Preserving artifacts is key for what makes this museum so special. The ASM Preservation Division, run by Nancy Odegaard gives professionals, grad students, and scholars an opportunity to experience a real-world and hands-on experience to analyze and preserve historical artifacts that are given to the Arizona State Museum. The museums conservation lab, which was first established in the 70's. Nancy Odegaard has completely transformed the art of conserving at the ASM by combining chemistry, engineering, anthropological principles and scientific methods to conserve objects like pottery, clothing, photographs and art. The conservation lab researches artifacts, works on mitigating pesticides/residue on museum objects, upkeep on objects already obtained by the museum, and taking protocols for the care of human remains in academic institutions. The preservation labs offer opportunities to the public and students as well. The museum holds workshops for students and volunteers who want to learn more and have a hands-on experience to artifact preservation.
Wrapped in Color: Legacies of the Mexican Sarape
This is one of the museums newest exhibits, featuring the history behind Mexican Sarape's, which are sacred versatile Mexican textiles. Worn by the poorer folk, sarape's act as a shawl and/or blanket for protection from all sorts of different weather conditions like sun exposure and the extreme cold. The serape signifies Mexican history, tradition and textile techniques, as each sarape is created uniquely and individually different. This specific ASM exhibit collaborated with Zapotec textile artist Porfirio Gutiérrez to show the history and role the sarape plays today in indigenous Mexican and Spanish history. In this exhibit, people will be able to see what goes into the process of making them; from weaving techniques to color dyes taken from natural resources. People will see pictures, videos, illustrations and a number of intricate sarapes first hand when visiting this exhibit in the Arizona State Museum.
Saving an American Treasure: An Unparalleled Collection of Anthropological Photographs
ASM is notorious for its large and extensive collection of anthropological photographic materials. Taking the title as an American treasure, this collection of photographs is sacred to a number of different groups; students, scholars, and especially indigenous people in the U.S. This exhibit is comprised of over half a million prints, negatives, transparencies and movie films that are centered around U.S Southwest and Northwest Mexico life, culture and tradition. Some of these anthropological photographs date as far back as 13,000 years. In this collection, we see documentation of advancements, both humanly and technological as well as native inhabitants and the evidence they left behind for us to see. When COVID-19 restrictions are lifted, people are able to schedule special access to the collection by appointment and/or by contacting photo collections manager Janelle Weakly.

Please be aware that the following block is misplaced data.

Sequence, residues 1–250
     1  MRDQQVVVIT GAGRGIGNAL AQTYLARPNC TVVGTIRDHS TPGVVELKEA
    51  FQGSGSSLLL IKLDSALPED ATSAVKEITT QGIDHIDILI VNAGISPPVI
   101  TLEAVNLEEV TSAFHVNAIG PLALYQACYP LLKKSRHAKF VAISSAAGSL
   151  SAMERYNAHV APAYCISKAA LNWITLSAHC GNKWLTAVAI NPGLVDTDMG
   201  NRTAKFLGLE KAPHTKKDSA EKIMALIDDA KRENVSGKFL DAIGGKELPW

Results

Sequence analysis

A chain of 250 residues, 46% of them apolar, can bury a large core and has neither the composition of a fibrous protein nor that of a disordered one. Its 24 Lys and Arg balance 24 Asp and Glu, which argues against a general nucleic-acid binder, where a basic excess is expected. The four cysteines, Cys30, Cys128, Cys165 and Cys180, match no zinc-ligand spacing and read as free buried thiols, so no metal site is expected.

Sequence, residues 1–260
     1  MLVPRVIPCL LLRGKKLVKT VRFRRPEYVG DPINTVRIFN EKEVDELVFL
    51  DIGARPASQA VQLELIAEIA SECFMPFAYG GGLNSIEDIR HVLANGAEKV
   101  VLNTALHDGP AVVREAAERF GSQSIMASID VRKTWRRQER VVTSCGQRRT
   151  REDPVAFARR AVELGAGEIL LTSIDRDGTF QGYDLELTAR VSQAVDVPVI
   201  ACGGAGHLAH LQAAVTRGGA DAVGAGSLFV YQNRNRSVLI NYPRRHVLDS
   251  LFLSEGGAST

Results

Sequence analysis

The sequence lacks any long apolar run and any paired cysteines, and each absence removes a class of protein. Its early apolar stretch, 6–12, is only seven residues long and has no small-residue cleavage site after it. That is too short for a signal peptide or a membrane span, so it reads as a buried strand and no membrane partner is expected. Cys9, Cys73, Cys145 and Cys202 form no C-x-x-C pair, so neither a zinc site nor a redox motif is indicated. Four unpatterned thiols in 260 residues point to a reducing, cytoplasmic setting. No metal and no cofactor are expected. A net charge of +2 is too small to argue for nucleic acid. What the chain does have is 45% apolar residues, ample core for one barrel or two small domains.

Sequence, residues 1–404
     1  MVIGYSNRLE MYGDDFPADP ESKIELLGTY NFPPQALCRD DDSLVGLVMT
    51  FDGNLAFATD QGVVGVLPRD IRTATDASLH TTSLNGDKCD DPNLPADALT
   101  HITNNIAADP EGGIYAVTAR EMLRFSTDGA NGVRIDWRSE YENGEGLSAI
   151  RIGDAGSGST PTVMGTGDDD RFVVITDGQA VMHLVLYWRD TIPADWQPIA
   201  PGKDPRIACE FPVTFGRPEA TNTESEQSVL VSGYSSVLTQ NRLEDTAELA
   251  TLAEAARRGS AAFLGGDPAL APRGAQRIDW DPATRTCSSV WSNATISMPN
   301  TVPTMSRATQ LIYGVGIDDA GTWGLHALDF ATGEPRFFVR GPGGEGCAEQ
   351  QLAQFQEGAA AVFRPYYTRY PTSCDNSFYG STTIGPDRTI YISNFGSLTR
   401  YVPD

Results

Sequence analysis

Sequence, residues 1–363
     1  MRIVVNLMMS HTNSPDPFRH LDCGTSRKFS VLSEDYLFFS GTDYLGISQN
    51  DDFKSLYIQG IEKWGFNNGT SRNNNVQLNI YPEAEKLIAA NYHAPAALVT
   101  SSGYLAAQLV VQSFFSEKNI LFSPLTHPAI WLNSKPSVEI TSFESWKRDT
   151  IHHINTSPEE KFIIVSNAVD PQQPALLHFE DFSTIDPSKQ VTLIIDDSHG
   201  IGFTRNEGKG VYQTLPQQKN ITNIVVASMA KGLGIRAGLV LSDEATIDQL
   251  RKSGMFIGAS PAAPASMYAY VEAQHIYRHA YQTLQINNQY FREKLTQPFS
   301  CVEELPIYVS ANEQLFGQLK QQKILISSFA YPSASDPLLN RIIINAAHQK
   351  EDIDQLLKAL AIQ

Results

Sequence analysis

The Pottery Project
The ASM is home to one of the most renowned pottery collections in the world, holding over 24,000 different vessels and 500 choice specimens. Collected from a number of different Native American and Indigenous sources, this exhibit showcases not only the pottery itself, but the traditions that go into making them, the stories behind the art on them and the people who make them. The exhibit itself features interactive displays, interviews with pottery makers and archeologists and even hands-on experiences for kids. Due to COVID-19 restrictions, the museum offers a virtual reality tour and an in-depth YouTube video overview of the The Pottery Project, which allows users to have the in-person museum exhibit experience, minus actually being in the museum.
Due to COVID-19 complications, the museum has not been able to have the public visit in-person. To combat this issue, the museum with come up with online exhibits that people can access through their website. On this page, you are able to virtually examine the museums exhibits, photographs, and artifacts. You can see exhibits like their pottery and woven basket collections, native clothing and weapons, and their extensive photography collection. On this page, they have also provided a place where teachers and students can access resources and learn about the museum, which is currently replacing the field trips that would happen before COVID-19. Finally, they have included an on-demand feature on this part of the website, where people can take masterclasses, join visual tours/conversations and access over 70 different videos pertaining to the museum and the artifacts that inhibit it.
This YouTube video is just one of many Behind-the-Scene online tours that the ASM has provided on its website, which talks about the basketry collection at the museum
ASM Social Media
The Arizona State Museum is present on social media as well. They have a facebook, twitter, youtube and instagram account linked to the museum. The username for their Instagram account is @arizonastatemuseum. This account shares with it’s five thousand followers tons of information on the museum, what it has to offer, times and prices of exhibits, updates and more. Right now, the instagram is trying hard at promoting virtual tours and their zoom talk series. At the moment, they are working on doing a zoom lecture titled "Biographies of Land and Water: a three part series", where ethnological professors/professionals speak on the history of the land and water in the southwest region of the U.S. Users can see upcoming zoom lectures and events by pressing the 'Events' tab at the top of the website page.
Director of the Museum
The museum has had seven different directors since its founding. The current director is Patrick D Lyons. He has been the director of the museum since 2013. Normally this museum has tons of visitors each month. The museum is accessible to people with disabilities and service animals. The museum is free for any current University of Arizona student with a catcard. They have docents constantly waiting to give museum tours daily. The average ticket price is 10 dollars. Although there are many discounts available. Senior citizens get a discount of 2 dollars less than the average price with a valid ID. The ticket price is 2 dollars for a member of the Arizona State Museum or a citizen of Native nations.